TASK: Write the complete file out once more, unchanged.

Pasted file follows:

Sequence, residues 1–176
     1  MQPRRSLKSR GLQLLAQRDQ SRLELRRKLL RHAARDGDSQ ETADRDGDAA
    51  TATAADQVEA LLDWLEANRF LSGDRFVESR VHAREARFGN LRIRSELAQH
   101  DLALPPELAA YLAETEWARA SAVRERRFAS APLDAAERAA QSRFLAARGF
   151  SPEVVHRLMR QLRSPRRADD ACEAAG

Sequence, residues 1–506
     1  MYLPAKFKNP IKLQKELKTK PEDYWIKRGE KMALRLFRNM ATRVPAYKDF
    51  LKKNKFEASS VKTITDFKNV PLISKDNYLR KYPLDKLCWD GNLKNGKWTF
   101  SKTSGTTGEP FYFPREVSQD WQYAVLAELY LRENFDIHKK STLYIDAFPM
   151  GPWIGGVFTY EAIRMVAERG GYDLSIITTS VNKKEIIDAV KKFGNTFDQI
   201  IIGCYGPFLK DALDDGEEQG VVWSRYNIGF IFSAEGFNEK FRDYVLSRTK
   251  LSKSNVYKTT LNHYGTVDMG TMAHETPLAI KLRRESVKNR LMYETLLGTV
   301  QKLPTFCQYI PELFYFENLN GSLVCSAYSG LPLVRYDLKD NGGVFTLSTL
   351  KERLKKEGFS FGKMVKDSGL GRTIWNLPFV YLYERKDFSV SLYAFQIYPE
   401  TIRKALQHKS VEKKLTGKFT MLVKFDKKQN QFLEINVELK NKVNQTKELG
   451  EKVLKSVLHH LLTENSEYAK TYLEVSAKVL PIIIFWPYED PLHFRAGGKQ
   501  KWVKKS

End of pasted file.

Sequence, residues 1–176
     1  MQPRRSLKSR GLQLLAQRDQ SRLELRRKLL RHAARDGDSQ ETADRDGDAA
    51  TATAADQVEA LLDWLEANRF LSGDRFVESR VHAREARFGN LRIRSELAQH
   101  DLALPPELAA YLAETEWARA SAVRERRFAS APLDAAERAA QSRFLAARGF
   151  SPEVVHRLMR QLRSPRRADD ACEAAG

Sequence, residues 1–506
     1  MYLPAKFKNP IKLQKELKTK PEDYWIKRGE KMALRLFRNM ATRVPAYKDF
    51  LKKNKFEASS VKTITDFKNV PLISKDNYLR KYPLDKLCWD GNLKNGKWTF
   101  SKTSGTTGEP FYFPREVSQD WQYAVLAELY LRENFDIHKK STLYIDAFPM
   151  GPWIGGVFTY EAIRMVAERG GYDLSIITTS VNKKEIIDAV KKFGNTFDQI
   201  IIGCYGPFLK DALDDGEEQG VVWSRYNIGF IFSAEGFNEK FRDYVLSRTK
   251  LSKSNVYKTT LNHYGTVDMG TMAHETPLAI KLRRESVKNR LMYETLLGTV
   301  QKLPTFCQYI PELFYFENLN GSLVCSAYSG LPLVRYDLKD NGGVFTLSTL
   351  KERLKKEGFS FGKMVKDSGL GRTIWNLPFV YLYERKDFSV SLYAFQIYPE
   401  TIRKALQHKS VEKKLTGKFT MLVKFDKKQN QFLEINVELK NKVNQTKELG
   451  EKVLKSVLHH LLTENSEYAK TYLEVSAKVL PIIIFWPYED PLHFRAGGKQ
   501  KWVKKS